By Paul A. Ross
As the sheer number of employer-employee disputes continues to rise, employers have increasingly turned to pre-employment arbitration agreements in an effort to avoid risky jury trials. Under the typical arbitration program, all employees must agree, as an express condition of their employment, to arbitrate any dispute arising out of the employment relationship instead of pursuing a traditional jury trial.
Proponents of arbitration argue it allows for the resolution of employment disputes in a more business-friendly environment. A single arbitrator acts as judge and jury, theoretically resulting in a more levelheaded, less emotional evaluation of the facts and law of the case. Arbitration proponents argue that removing the jury from the decision- making process substantially reduces the financial risk to employers, so much so that a company may be more likely to defend the principles of an employment decision rather than settling a meritless claim.
Not surprisingly, employees have resisted arbitration. In fact, diligent employees’ attorneys have been able to invalidate arbitration programs on a variety of grounds in an ongoing effort to preserve jury trials in employment disputes. A string of recent court decisions in Oklahoma highlights the difficulty employers encounter when trying to draft enforceable arbitration agreements. However, the Oklahoma Court of Civil Appeals made clear in a recent case that correctly drafted arbitration provisions are enforceable in Oklahoma.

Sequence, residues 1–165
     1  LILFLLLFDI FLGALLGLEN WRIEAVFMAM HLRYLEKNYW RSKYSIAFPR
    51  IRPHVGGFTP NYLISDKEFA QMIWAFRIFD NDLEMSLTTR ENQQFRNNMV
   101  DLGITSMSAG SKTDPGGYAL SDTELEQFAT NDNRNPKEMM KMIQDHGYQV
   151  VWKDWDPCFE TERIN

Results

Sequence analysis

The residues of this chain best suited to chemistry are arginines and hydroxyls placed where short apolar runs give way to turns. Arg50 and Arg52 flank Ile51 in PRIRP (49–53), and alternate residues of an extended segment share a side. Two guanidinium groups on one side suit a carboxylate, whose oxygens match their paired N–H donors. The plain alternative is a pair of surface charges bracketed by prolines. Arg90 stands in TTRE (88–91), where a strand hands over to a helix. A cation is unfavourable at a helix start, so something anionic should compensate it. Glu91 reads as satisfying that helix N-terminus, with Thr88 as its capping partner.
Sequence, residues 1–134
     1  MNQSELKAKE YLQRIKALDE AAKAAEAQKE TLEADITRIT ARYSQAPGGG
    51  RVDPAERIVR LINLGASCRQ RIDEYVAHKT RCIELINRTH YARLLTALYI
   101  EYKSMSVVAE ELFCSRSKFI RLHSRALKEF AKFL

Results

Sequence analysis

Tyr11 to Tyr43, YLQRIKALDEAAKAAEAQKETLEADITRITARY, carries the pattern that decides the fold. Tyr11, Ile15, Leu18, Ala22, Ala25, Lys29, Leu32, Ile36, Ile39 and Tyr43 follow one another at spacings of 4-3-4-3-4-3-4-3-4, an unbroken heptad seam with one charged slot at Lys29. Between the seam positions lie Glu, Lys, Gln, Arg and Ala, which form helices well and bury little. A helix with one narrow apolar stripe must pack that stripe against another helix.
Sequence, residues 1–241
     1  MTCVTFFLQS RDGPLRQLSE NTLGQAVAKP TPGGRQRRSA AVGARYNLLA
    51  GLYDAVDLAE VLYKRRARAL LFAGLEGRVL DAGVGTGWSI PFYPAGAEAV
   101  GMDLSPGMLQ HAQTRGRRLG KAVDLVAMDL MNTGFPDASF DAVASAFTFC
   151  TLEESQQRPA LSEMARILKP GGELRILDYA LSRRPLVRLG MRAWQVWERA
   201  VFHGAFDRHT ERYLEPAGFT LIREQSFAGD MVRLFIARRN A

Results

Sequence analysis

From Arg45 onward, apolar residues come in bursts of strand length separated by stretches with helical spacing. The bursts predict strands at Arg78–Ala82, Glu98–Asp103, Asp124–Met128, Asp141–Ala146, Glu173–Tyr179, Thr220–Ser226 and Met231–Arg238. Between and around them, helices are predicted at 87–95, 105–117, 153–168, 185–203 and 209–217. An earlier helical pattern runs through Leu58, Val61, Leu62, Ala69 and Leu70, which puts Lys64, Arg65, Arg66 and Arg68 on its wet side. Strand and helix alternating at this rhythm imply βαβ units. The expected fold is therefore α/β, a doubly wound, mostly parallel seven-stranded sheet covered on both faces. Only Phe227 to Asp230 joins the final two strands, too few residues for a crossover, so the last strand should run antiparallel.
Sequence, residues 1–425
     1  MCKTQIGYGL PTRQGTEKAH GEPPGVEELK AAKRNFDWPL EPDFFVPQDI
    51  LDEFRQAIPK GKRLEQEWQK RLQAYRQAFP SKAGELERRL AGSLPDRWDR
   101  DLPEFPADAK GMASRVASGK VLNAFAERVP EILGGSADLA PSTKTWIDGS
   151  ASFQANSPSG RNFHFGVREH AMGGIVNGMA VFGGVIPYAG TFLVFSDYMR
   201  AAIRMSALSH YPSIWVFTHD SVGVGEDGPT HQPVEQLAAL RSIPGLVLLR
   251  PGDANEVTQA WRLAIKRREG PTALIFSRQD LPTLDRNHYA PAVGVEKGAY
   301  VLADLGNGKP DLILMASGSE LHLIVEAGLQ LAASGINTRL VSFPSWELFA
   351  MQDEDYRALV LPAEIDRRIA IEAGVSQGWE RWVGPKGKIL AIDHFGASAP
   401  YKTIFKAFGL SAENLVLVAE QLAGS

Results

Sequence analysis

COMPANY REQUIRES ARBITRATION
In 2005, Jacob Peel applied for work as a rig hand with Nabors Drilling, USA. As a part of the application process, he executed an acknowledgment form stating that he had received and read a copy of Nabors’ Dispute Resolution Program (DRP) and that he agreed to be bound by the DRP as a condition of his employment. In 2006, he suffered an on-the-job injury and was fired.
In July 2006, Peel filed suit in federal district court, alleging that Nabors terminated him in retaliation for his workers’ compensation claim. The company asked the court to require him to arbitrate his discharge claim under its DRP.
Peel attempted to attack the validity of the DRP on several grounds. Nevertheless, the trial court twice upheld the validity of the DRP and twice ordered him to submit his claim to arbitration. Peel appealed those decisions, and in April 2009, the Oklahoma Court of Civil Appeals issued a unanimous opinion ordering him to pursue his discharge claim through arbitration rather than a jury trial.
CRAFTING AN ENFORCEABLE ARBITRATION PROGRAM
In a thorough opinion, the court of civil appeals made a number of key rulings in favor of employers with arbitration programs. In the process, the court also distinguished recent Oklahoma case law invalidating arbitration agreements in the employment context.
First, the court rejected Peel’s claim that he had never received or read the DRP. He conceded that he had signed an acknowledgment document in which he represented that he had received and read the terms of the DRP. Despite his signature on that document, however, he claimed that he hadn’t actually ever read or seen the program. The court refused to allow him to contradict his previous written representations.